Emin Mete, M.D., Nüket Bavbek, M.D., Sabriye Dayi, M.D., Mehtap Erkmen, M.D., and
Fatih Andiran, M.D.
Allergy Asthma Proc 27:412–414
A lower incidence of infection occurs among breast-fed babies because of the presence of antibacterial, antiviral, and antiparasitic effects, but little is known about the antifungal effects to fungi other than Candida albicans. This study was undertaken to assess the antifungal effect of human milk to the fungi in the environmental air, which also may be allergenic.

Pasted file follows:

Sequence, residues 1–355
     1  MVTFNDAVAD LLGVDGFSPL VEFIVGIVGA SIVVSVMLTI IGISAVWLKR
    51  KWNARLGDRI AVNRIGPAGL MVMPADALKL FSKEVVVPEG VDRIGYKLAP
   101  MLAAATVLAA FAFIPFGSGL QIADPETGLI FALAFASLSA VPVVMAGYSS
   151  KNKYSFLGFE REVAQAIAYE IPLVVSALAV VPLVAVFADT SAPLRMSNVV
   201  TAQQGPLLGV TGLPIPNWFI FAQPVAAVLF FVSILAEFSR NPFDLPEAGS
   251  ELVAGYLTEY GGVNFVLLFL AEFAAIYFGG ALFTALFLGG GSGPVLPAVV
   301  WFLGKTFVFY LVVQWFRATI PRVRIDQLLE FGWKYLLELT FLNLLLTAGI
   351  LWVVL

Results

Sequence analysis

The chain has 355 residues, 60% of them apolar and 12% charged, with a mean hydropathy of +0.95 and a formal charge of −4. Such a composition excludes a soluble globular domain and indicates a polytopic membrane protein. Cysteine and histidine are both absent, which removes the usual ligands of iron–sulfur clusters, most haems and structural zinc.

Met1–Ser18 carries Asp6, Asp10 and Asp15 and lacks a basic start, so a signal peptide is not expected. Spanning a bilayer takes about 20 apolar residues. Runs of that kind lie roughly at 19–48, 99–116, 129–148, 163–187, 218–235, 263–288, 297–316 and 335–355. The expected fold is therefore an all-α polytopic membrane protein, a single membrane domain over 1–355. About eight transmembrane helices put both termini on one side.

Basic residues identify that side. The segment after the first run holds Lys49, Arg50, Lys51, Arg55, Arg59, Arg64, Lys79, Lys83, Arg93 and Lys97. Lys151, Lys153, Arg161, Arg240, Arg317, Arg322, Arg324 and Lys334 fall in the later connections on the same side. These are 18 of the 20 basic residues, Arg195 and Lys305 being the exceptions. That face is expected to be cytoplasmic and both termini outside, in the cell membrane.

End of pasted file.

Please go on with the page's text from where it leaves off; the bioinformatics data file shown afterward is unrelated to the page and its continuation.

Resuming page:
Milk samples were obtained from lactating mothers of healthy term infants between the 3rd and 8th days of lactation. Ninety-six Sabouraud agar petri dishes were separated into three groups, closed, and incubated in the same location after 15 minutes uncovered. The first group (group 1, n=48 dishes) was used to detect the fungal flora of the environmental air. The second group (group 2, n=24 dishes) was rubbed with a thin layer of human milk by a sterile pipette. The last group (group 3, n=24 dishes) was rubbed with 0.9% NaCIlsolution. After 7 days of incubation, the colony-forming fungal growths of all dishes were evaluated by a microbiologist who did not know the groups of the dishes. The number offungal colonies grown in human milk-rubbed dishes in group 2 was less than both of the other groups (group 1 and 3; p < 0.001 and p < 0.001, respectively). These results indicated that human milk may have antifungal effects to fungi present in the environmental air as tested by Sabouraud agar petri dishes. To prevent infections and allergic diseases, human milk must be considered the ideal food for newborns.
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